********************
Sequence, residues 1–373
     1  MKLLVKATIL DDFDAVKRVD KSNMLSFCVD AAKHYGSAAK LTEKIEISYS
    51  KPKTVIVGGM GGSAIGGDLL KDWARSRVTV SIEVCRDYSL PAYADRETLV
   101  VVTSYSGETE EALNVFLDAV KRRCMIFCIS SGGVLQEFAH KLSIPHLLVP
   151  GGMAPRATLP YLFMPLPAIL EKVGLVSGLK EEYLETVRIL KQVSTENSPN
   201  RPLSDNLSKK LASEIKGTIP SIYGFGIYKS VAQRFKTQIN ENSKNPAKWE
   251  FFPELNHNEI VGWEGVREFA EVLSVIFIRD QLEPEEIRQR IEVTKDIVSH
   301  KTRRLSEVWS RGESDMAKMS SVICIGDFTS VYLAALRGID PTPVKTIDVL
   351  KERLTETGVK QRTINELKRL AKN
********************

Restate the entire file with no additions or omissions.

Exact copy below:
Sequence, residues 1–373
     1  MKLLVKATIL DDFDAVKRVD KSNMLSFCVD AAKHYGSAAK LTEKIEISYS
    51  KPKTVIVGGM GGSAIGGDLL KDWARSRVTV SIEVCRDYSL PAYADRETLV
   101  VVTSYSGETE EALNVFLDAV KRRCMIFCIS SGGVLQEFAH KLSIPHLLVP
   151  GGMAPRATLP YLFMPLPAIL EKVGLVSGLK EEYLETVRIL KQVSTENSPN
   201  RPLSDNLSKK LASEIKGTIP SIYGFGIYKS VAQRFKTQIN ENSKNPAKWE
   251  FFPELNHNEI VGWEGVREFA EVLSVIFIRD QLEPEEIRQR IEVTKDIVSH
   301  KTRRLSEVWS RGESDMAKMS SVICIGDFTS VYLAALRGID PTPVKTIDVL
   351  KERLTETGVK QRTINELKRL AKN